The Federal Aviation Administration (FAA) and the general aviation (GA) community’s national #FlySafe campaign is designed to educate GA pilots about the best practices to calculate and predict aircraft performance and to operate within established aircraft limitations.
Pilots and Medications
Stuffy nose? Fever? Combine these symptoms with over-the-counter meds, and you could have a recipe for disaster in the pilot’s seat.
Just like any other decision that you must make when you fly, you should know all the facts before you take any over-the-counter medications:
- First, what is your underlying condition? Will it allow for safe flying?
- If not, you should not fly until the condition improves.
- Next, do you know how the medication you are planning to take will affect you, and how your body will react?
- You should NEVER fly after taking any medication that you have not taken before.
- Be sure to consider adverse reactions listed on the label.
- Key words include “lightheadedness,” “dizziness,” “drowsiness,” or “visual disturbance.”
- DO NOT FLY if these side effects are listed or if the label contains any warning signs about operating motor vehicles or machinery while taking the medication.
- Some people mistakenly think an over-the-counter medication is weak or non-threatening.
- That’s simply not true, especially for diphenhydramine (Benadryl).
- Side effects can occur at any time, even if you’ve taken the same medication in the past without experiencing any side effects.
- That is why you should NEVER fly after taking a medication with the side effects listed above.
If you must take over-the-counter medications, please follow these tips before you decide to fly:
- Read and follow label directions.
- If the label warns of significant side effects, wait until at least five maximum dosing intervals have passed before you fly.
- For example, if the directions say take the medication every 4-6 hours, wait at least 30 hours before you fly.
- Other medications may have longer or shorter intervals which is why it’s important to talk to your Aviation Medical Examiner (AME).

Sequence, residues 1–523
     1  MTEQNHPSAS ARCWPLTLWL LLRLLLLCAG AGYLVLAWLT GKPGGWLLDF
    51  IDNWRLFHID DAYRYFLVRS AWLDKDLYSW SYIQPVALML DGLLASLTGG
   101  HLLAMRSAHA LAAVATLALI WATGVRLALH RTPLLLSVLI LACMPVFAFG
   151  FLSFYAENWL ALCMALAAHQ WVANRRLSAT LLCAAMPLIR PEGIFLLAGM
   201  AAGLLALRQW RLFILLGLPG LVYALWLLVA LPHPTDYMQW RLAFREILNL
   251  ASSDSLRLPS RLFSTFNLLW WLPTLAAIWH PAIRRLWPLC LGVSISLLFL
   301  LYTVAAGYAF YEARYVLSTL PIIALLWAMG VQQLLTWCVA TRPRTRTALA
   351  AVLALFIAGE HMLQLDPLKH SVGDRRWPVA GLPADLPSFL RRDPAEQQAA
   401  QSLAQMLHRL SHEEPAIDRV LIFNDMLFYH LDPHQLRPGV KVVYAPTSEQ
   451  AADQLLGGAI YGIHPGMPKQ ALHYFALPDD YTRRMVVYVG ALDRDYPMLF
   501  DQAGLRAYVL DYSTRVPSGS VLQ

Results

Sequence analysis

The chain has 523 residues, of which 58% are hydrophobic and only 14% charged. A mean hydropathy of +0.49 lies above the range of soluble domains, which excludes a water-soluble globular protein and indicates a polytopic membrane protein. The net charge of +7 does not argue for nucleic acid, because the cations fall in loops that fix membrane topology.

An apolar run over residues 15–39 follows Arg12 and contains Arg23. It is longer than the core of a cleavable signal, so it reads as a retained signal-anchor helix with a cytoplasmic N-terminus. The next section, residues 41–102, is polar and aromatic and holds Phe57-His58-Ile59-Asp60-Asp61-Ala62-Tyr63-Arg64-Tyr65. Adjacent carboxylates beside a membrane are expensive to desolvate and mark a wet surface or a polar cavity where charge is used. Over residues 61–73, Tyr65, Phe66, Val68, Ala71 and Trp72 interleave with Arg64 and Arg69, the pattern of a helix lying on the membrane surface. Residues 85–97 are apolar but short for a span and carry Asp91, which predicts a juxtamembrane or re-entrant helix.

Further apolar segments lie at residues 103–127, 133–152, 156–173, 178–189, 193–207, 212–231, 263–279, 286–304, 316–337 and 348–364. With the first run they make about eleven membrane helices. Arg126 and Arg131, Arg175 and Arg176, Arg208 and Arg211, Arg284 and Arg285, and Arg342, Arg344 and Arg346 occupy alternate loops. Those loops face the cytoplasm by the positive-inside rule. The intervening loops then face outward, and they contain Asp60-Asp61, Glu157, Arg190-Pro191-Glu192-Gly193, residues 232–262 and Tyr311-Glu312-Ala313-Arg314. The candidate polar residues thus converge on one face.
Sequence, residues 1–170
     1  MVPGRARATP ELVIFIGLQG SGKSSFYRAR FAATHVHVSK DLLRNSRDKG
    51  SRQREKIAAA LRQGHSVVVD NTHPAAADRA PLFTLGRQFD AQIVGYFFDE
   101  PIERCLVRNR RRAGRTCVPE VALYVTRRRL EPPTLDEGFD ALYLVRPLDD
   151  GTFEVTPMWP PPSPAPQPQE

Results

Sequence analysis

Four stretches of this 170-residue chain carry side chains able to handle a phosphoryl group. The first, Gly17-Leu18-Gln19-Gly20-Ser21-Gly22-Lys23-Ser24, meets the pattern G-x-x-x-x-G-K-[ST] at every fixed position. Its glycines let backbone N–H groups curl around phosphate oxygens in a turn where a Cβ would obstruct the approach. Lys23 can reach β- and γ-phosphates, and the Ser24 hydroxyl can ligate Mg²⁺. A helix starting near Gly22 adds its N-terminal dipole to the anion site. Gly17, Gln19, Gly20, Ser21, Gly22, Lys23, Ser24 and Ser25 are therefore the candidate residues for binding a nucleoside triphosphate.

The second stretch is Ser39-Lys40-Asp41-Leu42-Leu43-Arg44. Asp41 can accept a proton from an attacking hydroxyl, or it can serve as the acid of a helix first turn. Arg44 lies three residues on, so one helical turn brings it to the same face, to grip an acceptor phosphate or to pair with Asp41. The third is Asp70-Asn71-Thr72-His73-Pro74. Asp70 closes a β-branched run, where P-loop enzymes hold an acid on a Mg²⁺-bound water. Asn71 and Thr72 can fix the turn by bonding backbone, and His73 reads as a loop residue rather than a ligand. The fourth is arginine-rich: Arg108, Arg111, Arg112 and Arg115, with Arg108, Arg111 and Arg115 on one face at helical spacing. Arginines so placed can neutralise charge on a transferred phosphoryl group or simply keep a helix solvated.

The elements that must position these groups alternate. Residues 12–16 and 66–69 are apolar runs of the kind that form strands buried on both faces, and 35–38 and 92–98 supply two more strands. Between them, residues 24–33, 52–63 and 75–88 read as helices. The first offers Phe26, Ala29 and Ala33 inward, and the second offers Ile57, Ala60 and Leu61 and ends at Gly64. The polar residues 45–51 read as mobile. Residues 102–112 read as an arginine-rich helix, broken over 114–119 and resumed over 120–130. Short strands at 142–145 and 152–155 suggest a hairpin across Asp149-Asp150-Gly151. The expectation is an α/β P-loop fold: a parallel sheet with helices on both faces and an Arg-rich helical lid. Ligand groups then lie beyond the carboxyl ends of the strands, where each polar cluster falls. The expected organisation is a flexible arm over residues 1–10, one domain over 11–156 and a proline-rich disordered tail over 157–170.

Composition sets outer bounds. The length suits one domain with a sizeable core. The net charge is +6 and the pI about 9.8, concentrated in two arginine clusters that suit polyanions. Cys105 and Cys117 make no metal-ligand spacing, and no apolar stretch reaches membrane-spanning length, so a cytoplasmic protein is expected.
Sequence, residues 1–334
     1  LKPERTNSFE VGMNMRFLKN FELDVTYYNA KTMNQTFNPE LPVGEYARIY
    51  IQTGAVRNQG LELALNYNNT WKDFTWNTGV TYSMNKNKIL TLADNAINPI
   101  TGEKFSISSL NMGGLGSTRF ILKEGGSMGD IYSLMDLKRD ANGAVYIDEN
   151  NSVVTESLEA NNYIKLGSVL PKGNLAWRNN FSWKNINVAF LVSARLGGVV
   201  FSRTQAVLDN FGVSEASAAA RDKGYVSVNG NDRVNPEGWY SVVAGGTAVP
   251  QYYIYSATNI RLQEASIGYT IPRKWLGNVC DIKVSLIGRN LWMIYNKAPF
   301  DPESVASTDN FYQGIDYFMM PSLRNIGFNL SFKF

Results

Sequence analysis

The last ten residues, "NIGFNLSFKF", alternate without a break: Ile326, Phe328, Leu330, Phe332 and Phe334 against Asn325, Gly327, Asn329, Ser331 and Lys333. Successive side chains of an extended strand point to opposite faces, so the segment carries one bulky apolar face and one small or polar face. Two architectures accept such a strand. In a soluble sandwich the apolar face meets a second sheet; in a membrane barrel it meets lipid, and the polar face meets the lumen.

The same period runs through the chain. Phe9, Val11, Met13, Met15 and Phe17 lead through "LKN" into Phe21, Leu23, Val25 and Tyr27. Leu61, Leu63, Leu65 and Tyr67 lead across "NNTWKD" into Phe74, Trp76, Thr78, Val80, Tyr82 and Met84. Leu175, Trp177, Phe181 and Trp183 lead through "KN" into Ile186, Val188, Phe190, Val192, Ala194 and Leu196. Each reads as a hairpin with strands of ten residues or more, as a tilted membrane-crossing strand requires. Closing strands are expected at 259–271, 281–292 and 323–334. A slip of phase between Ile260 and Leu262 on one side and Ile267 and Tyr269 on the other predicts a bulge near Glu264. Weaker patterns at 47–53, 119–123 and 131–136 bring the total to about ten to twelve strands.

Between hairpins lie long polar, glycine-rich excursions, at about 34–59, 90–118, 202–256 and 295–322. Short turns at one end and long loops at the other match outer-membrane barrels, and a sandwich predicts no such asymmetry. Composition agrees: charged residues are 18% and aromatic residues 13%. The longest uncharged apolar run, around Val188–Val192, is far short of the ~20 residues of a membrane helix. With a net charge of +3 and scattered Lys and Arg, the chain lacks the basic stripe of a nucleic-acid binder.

- Never fly after taking a new medication for the first time until at least five maximal dosing intervals have passed, and no side effects are noted.
- Do not fly if the underlying condition that you are treating would make you unsafe in the cockpit.
- As with alcohol, medications could impair your ability to fly, even though you feel fine.
- If you have a question about a medication, please ask your AME.
- When in doubt, don’t fly!
When your doctor prescribes a medication, ask about possible side effects and the safety of using the medication while flying.
Many doctors do not think about the special needs of pilots when they prescribe medication, so it’s important for you to ask questions.
When your pharmacy fills the prescription, let the pharmacist know you are a pilot.
Pharmacists are experts in the side effects of medication and can often provide important advice.
You’ll also want to ask about the potential for drug interactions with any over-the-counter medications you are taking now or plan to take in the future.
- Read, understand, and follow the information and instructions that are given with the medication.
- Discuss any questions with your doctor, pharmacist, or AME.
- When in doubt, stay safe and don’t fly!
What is Loss of Control (LOC)?
An LOC accident involves an unintended departure of an aircraft from controlled flight.
LOC can happen when the aircraft enters a flight regime outside its normal flight envelope and quickly develops into a stall or spin.
It can introduce an element of surprise – the “startle factor”—for the pilot.